Wednesday, March 9, 2011

Has Kobe become the Next Michael, finally?

Every 3-4 years we hear the same comment or question.  Is this guy the next MJ?  Harold Miner, Kobe Bryant, Dwayne Wade, LeBron James and countless others.  Too many to name.  Has anyone even come close?  And what makes you the next Jordan?  Hops?  Spectacular dunks and fadeaway jumpers?  Championship rings?  Facial expressions that show true grit and desire?  Marketing power that only few people have ever come close to?  That is way too many questions and thus, more criteria than is needed.  Can we just accept the fact that His Airness is one of a kind?  Let's be honest, Magic, the Big O, Jerry West, Wilt, Kareem, Larry B, and the rest of the great ones all had their skills, moments, and big wins but no one has put it together like Michael. 

But...what about Kobe?  Is he even in Michael's class?  I heard an announcer last week say that when Kobe passed Moses Malone on the scoring list that he may be a first ballot Hall of Famer.  Wait, back the truck up...may be a first ballot Hall of Famer?  Kobe may be the most disliked and liked player the NBA has right now-wearing both the villain black hat and the hero white hat.  He can be Batman and Joker combined.  It just depends who you vote for.  But let's get real and understand the if he hasn't already, Kobe has approached the career level that few players have had.  He is in the upper echelon right now.  No ands, ifs or buts.  Don't however, mistake this as an affirmation that he is on the same level as Michael.  With all the criteria that may be impossible.  Yet, he is the closest thing we have, so let's sit back and enjoy.  Why should we you ask?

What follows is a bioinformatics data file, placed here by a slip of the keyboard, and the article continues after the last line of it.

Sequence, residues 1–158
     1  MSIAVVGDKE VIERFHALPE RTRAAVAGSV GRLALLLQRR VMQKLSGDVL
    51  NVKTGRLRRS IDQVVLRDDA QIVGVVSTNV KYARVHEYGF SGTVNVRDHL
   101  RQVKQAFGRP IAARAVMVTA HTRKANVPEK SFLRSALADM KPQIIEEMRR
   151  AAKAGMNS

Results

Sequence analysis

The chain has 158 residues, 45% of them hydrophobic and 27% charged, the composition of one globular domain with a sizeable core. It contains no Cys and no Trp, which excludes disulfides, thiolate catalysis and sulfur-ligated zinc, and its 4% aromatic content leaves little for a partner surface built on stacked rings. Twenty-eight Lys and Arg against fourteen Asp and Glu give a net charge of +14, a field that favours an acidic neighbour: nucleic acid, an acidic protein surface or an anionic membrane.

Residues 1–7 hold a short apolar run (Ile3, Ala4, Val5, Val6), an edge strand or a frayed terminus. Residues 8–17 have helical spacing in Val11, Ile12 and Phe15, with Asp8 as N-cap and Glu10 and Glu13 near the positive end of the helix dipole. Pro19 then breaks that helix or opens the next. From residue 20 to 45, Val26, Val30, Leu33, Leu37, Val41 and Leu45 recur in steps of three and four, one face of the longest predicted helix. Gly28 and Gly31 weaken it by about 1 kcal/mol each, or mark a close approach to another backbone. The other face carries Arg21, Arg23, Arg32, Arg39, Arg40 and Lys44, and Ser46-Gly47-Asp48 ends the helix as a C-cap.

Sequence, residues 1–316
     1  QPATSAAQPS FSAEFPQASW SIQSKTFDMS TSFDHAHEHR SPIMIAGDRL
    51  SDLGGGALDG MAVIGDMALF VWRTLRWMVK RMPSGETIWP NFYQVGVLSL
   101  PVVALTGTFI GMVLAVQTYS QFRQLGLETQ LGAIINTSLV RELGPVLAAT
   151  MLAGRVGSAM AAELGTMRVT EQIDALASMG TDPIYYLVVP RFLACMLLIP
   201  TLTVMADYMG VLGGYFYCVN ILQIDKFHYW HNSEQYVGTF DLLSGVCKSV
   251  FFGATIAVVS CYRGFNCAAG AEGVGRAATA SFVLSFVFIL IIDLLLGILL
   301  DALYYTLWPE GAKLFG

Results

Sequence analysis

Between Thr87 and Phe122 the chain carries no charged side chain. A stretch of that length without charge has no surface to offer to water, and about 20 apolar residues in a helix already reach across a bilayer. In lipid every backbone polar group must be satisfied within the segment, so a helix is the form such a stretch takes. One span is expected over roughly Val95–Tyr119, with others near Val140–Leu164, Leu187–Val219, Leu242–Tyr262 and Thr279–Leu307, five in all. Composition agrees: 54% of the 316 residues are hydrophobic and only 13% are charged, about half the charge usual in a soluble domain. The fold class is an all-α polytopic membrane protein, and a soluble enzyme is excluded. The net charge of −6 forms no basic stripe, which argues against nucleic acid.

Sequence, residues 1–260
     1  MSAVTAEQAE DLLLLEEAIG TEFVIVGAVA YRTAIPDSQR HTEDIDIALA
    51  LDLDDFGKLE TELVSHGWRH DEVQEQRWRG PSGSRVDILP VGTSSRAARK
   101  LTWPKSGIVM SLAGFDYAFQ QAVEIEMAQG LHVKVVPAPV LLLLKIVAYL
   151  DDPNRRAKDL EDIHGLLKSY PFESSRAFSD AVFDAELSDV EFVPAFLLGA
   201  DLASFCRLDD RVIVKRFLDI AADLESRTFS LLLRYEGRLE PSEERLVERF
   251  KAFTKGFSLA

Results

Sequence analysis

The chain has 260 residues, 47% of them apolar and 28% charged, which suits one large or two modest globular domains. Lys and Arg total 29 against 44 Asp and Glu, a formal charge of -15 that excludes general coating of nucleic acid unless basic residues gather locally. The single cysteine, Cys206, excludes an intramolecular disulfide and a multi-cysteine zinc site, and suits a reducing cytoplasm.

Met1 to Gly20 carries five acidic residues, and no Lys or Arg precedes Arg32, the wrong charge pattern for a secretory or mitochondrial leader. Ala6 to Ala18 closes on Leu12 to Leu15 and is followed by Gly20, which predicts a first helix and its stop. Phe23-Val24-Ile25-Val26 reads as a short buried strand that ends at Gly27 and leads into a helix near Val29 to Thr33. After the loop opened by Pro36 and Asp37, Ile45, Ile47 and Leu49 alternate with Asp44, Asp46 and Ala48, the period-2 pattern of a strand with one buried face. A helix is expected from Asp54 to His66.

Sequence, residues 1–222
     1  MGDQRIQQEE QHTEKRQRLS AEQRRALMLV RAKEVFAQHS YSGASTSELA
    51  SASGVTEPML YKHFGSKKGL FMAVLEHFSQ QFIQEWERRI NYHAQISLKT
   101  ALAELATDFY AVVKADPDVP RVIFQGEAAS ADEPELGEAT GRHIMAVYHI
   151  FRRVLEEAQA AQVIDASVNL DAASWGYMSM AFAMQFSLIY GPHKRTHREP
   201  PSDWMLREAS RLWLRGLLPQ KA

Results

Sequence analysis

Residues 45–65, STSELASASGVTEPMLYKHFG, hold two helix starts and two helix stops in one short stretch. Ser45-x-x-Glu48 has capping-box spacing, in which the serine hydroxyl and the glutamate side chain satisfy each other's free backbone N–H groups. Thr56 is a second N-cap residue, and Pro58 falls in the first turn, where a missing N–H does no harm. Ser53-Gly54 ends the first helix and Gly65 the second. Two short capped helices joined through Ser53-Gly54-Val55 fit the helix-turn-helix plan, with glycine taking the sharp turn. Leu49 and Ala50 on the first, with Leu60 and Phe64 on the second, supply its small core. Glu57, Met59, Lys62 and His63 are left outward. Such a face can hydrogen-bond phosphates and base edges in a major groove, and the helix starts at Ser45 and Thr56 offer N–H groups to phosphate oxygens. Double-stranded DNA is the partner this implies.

Michael won championships, hit clutch shots, pushed his teammates in various ways, and was as competitive and stubborn as any player wanting to win.  He scored in a variety of ways, knew what plays to make, and could be a lock down defender.  He was an all around super talent.  Guess what?  So is Kobe...more so than anyone since Jordan.  LeBron needs to win a few titles before he can even starting to be in the same conversation.  Carmelo-c'mon, give the guy a break and let's see wha the can do in the Big Apple.  There really is no one else that can meet this criteria.  Tim Duncan, great winner and great guy, but stats aren't there and the killer instinct is often left to Tony Parker or Manu.  Derek Rose, Chris Paul and the exciting point guards are just that...point guards.  They take over games in different ways and again, they need to win some championships.  When was the last champion with an elite point guard with all around skills-closest would be Chauncey Billups, Rajon Rondo, or Tony Parker.  Again, c'mon, great players with some great skills but not all around hoopsters who dominate every aspect.  So that brings us back to Kobe.